Jan 24, 2015

Ruins of a Stupa, Kanaganahalli-Sannati

November 28, 2013
The intention of visiting Sannati was to see and photograph the only major rock edict in Karnataka. On reaching Sannati-Kanaganahalli, there was more to see than expected. There was ruins of a Buddhist stupa, excavations in progress. The site is heavily protected, even a policeman was posted on site, round the clock. Here's the post about the inscription - Ashokan major rock edict of Sannati
Ruins of the Stupa..

A board posted by ASI reads as follows:
The remains of a Maha-Stupa, which is unique in several aspects, were brought to light through excavations at Kanaganahalli (forming part of Sannati) by the Archaeological Survey of India during the years 1994-2001.  It is referred to a Adholoka Maha-Chaitya (The great stupa of the netherlands) in the inscriptions. It is a well developed stupa constructed in locally available limestone with elaborate ornamentation, ayaka platforms in the cardinal directions. The vedika (drum) anda (dome) portions were built of heavy, dressed, wedge shaped blocks of limestone and the inner core was filled by alternate layers of rubble and earth. The stupa measures nearly 22m in diameter (at the railing) and rose to a heigh of 17m. The Stupa has shown at least three constructional phases- via, Maurya, Early Satavahana and Later Satavahana periods, datable from 3rd century BC to 3rd century AD. As many as 10 small and big brick structures in the form of votive Stupas, chaitya - grihas, pavilions for accommodating sculptures and Buddha-padas and the plan of a vihara-complex are also laid bare around the Stupa. These structures appear to have been destroyed due to severe earthquake.
In addition to the structural remains, as many as 60 dome-slabs with exuberant sculptural rendering of selected Jataka stories, main events in the life of the Master, portraits of Asoka - the Mauryan emperor and more than Satavahana monarchs and certain unique depictions of Buddhist 72 drum-slabs decorated with variety of dharma-chakras, Stupas, the first sermon, Bodhi tree, Naga Muchulinda, vihara complexes including Jetavana are discovered. More than 10 inscribed sculptures of the Buddha in round, of which two are standing and others are seated; over a dozen ornate Buddha-padas are also found. Besides fragments of ayaka-pillars, umbrella stones and shafts, parts of sculptures of Yakshas and lion, the innumerable carved architectural members of the railing and other parts of the Stupa have also been unearthed. Significantly the excavations have yielded more than 250 Brahmi inscriptions with varied palaeographical features.
The magnificent Stupa, the sculptural fragments, the inscriptions, coins and other antiquities from Kanaganahalli throw immense fresh light on the historical, cultural, religious and chronological aspects of the Maurya-Satavahana times besides the spread of Buddhism, ramification and standardization of Buddhist art, architecture and iconography by providing clinching evidences.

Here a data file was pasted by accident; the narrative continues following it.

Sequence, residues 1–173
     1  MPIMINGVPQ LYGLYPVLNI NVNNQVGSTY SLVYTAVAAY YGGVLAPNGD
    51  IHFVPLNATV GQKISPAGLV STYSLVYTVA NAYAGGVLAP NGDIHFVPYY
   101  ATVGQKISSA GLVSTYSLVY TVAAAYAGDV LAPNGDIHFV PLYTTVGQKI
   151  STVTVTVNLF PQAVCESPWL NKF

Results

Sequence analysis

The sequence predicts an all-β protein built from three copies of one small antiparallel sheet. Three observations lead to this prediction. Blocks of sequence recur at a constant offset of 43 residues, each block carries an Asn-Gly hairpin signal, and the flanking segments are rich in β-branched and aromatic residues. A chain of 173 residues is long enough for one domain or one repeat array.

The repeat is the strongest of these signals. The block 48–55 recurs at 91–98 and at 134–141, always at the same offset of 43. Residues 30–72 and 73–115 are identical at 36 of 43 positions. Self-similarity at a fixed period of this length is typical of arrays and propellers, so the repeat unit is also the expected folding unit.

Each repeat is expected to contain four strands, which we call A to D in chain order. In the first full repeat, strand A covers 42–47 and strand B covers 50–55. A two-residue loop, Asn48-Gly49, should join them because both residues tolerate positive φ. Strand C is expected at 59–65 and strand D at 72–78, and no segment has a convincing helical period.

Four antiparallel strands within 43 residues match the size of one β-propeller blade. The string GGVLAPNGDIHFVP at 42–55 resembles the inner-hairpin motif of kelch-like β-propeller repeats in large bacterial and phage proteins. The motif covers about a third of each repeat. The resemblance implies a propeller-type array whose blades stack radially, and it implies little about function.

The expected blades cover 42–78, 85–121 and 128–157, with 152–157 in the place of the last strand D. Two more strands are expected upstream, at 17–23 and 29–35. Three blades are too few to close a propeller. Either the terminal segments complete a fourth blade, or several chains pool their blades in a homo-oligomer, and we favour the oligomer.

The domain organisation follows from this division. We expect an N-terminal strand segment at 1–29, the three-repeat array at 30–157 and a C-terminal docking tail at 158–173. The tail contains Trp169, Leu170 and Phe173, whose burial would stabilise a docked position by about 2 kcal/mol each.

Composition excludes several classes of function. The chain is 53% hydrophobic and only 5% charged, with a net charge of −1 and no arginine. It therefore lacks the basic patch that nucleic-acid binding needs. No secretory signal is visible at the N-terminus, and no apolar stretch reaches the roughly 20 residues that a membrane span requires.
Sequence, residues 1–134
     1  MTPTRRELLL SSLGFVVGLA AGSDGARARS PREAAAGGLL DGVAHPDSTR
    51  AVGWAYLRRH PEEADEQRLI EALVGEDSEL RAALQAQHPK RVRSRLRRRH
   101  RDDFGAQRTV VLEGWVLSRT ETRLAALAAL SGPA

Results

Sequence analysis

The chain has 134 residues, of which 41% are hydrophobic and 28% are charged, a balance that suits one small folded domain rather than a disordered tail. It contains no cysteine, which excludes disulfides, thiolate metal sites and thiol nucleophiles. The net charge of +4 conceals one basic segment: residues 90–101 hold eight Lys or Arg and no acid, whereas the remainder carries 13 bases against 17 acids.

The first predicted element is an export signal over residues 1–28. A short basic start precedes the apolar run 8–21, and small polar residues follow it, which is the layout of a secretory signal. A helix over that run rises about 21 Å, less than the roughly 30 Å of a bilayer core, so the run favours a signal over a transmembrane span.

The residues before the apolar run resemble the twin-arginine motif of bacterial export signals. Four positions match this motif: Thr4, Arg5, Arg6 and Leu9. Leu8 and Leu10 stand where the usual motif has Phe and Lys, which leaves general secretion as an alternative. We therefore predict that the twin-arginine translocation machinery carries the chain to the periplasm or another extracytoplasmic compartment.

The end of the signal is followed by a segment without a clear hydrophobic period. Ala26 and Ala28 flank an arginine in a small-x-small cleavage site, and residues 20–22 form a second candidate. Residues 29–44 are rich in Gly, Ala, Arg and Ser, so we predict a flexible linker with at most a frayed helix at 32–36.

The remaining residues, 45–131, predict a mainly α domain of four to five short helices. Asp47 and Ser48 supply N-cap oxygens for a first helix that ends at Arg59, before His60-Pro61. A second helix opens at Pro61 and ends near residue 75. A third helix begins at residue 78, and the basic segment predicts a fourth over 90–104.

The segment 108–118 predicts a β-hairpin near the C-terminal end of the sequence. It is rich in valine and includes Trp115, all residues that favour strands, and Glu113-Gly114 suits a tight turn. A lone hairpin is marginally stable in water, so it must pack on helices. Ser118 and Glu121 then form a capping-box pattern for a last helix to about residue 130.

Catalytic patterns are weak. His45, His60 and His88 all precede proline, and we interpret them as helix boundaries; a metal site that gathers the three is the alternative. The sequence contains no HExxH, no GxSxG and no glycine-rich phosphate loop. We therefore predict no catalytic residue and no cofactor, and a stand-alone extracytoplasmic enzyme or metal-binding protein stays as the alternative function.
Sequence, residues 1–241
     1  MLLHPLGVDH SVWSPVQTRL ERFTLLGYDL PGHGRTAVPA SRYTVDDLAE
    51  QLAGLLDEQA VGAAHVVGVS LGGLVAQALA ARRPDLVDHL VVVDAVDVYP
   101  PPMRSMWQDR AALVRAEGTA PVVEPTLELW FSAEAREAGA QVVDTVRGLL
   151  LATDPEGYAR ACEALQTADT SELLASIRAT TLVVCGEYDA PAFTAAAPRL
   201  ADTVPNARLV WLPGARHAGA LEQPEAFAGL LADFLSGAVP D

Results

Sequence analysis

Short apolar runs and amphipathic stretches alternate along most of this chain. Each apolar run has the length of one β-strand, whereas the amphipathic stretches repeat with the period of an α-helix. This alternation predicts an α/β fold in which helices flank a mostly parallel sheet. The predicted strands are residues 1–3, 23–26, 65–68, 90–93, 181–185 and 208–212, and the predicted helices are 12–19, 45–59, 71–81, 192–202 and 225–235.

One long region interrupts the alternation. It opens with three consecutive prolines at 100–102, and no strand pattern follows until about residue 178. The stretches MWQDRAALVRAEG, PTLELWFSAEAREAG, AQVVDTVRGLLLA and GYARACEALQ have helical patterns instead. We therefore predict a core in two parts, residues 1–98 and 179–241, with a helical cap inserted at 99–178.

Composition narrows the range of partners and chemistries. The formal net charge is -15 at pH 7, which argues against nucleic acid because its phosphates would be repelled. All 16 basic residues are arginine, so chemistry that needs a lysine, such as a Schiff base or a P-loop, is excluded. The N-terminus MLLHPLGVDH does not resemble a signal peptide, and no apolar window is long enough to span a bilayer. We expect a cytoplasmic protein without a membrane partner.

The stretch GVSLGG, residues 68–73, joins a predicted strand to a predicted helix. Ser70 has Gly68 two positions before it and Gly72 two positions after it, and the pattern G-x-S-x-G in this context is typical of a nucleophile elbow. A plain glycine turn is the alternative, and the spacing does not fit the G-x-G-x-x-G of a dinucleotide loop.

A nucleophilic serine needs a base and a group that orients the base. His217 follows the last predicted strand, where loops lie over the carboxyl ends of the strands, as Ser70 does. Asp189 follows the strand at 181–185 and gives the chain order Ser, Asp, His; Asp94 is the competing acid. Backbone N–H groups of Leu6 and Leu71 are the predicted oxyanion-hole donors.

The site as seen on Google Maps. Its located in black soil fields of Kanaganahalli village, on the left bank of river Bhima. The Stupa's circular plan is clearly recognizable here. Around the circle are several rectangular patches- these are red brick piles.

As seen from east. The electrical poles with a transformer is a good reference point. The ASI team here is working hard collecting pieces, identifying them piece by piece and trying to put them together to recreate the original form. Its like trying to assemble a complex jigsaw puzzle. Besides the officers the main person involved in this activity is Hajimsaheb, a man of great experience with historical artefacts.

as seen from south-west
ruins of a brick structure
stone pillars supported by metal pipes are part of the circular railing
brick structure on the south-east side if the Stupa
part of the railing on north-east side
railing pillars and sculptures placed in approximate locations
hundreds of such sculptures to be assembled to solve the big puzzle
part of the base where the rubble inside is exposed
railing pillar with lotus mural and a model stupa in the background
closer look at the stupa wall created by dressed lime-stone blocks
slabs laid on the walkway between the main wall and railing
shaped blocks form a shallow channel around the main wall

Dharma Chakra mounted on a pillar
About 100' away from the stupa ruins are blocks arranged in two concentric circles, each of the blocks have sculptures of real world and mythological animals. Some of the animals depicted are bull, buffalo, elephant, lion, horse, pig, and donkey. Majority of the sculptures depict imaginary creatures with body of lion.

The blocks found here are definitely not enough to completely recreate a Stupa but definitely some of the important parts are here while many of them are lost, never to be recovered. Nevertheless ASI team is carrying out the work diligently..

Check out the following post- Buddhist sculptures at Kanaganahalli-Sannati site.


Team G Square said...

Wonderful post. Thanks for the information.

siddeshwar said...

you are welcome, TGS

Christine Cornument said...

Thank you again for your work. I have a personnal question : I'm thinking to visit Kanaganahalli -Sannati during my next trip to India, the day between Bijapur and Gulbarga. It will be a sunday, so I wonder if it's possible ? I imagine ASI is always working but what about week-end ? I don't find many information about this place and like it will be a longest road, I would be sure to have the possibilty to see the archeological place.
Thank you for advance for your answer

siddeshwar said...

Hi Christine, you should be able to visit the site on a Sunday. Once you reach Kanaganahalli village, inquire for the ASI curator Hajimsaheb and seek his help. The site is quite interior, so it would be good to go by a cab. In case you need any further info, please email me. Thanks for your interest.